Study: Potato chips are piling on the pounds

Washington ? Blame the potato chip. It’s the biggest demon behind that pound-a-year weight creep that plagues many of us, a major diet study found. Bigger than soda, candy and ice cream.And the reason is partly that old advertising cliche: You can’t eat just one.“They’re very tasty and ...

Kansas attorney general adds state to another lawsuit against federal health care law

Topeka ? Attorney General Derek Schmidt has brought Kansas into another lawsuit against the federal health care overhaul enacted last year, and he said Tuesday that the move will help states flesh out arguments they expect to be decided by the U.S. Supreme Court.The lawsuit is before the U.S. ...

LMH vice president accepts job in Washington, D.C., will leave company next month

After 10 years at Lawrence Memorial Hospital and developing “wonderful relationships” within the community, LMH Vice President Jeff Novorr is leaving Lawrence.He established the hospital’s corporate compliance program upon joining LMH in 2001. He spent the early years of his career ...

Pink fire truck donated by city travels to Lawrence Tuesday

When doctors diagnosed Nicki Janne, Wichita, with breast cancer in January 2010, her friends and family rallied in support.Her friends in the Wichita Fire Department tagged her in a picture of a pink firetruck on Facebook. They began to tease Janne’s husband, Richard, an antique firetruck ...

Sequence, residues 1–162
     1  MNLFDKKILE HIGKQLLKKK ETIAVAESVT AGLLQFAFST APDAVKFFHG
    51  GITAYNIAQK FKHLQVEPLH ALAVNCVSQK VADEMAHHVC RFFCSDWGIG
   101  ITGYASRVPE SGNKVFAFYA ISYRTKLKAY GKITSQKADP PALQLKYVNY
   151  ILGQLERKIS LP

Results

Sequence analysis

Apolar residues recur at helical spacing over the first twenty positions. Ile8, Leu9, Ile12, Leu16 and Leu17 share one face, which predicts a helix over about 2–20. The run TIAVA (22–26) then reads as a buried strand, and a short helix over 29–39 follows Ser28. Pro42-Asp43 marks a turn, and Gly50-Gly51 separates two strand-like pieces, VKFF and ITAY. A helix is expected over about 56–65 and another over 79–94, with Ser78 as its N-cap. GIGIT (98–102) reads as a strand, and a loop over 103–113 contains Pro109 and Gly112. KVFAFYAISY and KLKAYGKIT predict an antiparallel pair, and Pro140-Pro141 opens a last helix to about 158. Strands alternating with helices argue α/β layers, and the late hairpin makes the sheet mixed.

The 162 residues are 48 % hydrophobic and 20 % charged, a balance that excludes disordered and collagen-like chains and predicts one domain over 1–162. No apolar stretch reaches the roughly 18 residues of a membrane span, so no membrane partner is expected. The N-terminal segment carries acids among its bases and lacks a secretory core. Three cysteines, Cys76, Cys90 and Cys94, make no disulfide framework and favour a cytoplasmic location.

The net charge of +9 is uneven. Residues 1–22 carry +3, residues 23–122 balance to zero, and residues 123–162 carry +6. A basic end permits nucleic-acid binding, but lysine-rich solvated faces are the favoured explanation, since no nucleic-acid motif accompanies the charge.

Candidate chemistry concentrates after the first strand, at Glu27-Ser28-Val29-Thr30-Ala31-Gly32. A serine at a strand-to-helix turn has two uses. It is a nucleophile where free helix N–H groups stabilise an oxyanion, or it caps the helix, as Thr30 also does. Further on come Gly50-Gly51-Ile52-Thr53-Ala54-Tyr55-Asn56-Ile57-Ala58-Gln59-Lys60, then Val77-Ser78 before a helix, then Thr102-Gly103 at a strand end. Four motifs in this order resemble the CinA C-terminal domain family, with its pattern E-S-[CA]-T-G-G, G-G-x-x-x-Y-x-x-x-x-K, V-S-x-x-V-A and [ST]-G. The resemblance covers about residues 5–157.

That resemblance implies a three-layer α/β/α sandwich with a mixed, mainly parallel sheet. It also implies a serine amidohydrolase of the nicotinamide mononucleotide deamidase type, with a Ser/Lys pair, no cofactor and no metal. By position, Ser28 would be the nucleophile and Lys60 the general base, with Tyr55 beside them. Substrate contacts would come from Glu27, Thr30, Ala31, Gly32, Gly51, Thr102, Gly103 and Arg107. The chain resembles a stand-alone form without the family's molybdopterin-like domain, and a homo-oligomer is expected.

Lawmakers, districts worry about school meal costs

Washington ? Eating healthy food isn’t always cheap, and some conservatives in Congress are concerned that the Obama administration’s effort to make school lunches more nutritious is a luxury the nation can’t afford. Many schools, especially the poorest ones, agree. They say new rules ...

KU Hospital taking part in aortic valve replacement trial

Patients at Kansas University Hospital are enrolling in a clinical trial that will test a new treatment for a kind of heart disease.The study is testing the Medtronic CoreValve System, a procedure that uses a catheter to guide a prosthetic device to a patient’s diseased aortic valve. The ...

Kansas likely to enact health care ‘freedom’ law

Kansas was close Tuesday to joining other states in enacting a law designed to block a mandate in last year's federal health care overhaul requiring most Americans to buy health insurance.A proposed "health care freedom" law was on Gov. Sam Brownback's desk. Legislators bundled the measure with ...

Baby boomers fueling boom in hip, knee surgeries

San Diego ? We’re becoming a nation of bum knees, worn-out hips and sore shoulders, and it’s not just the Medicare set. Baby boomer bones and joints also are taking a pounding, spawning a boom in operations to fix them.Knee replacement surgeries have doubled over the last decade and more ...

Paralyzed man freely moves with electrical stimulator

London ? After Rob Summers was paralyzed below the chest in a car accident in 2006, his doctors told him he would never stand again. They were wrong.Despite intensive physical therapy for three years, Summers’ condition hadn’t improved. So in 2009, doctors implanted an electrical stimulator ...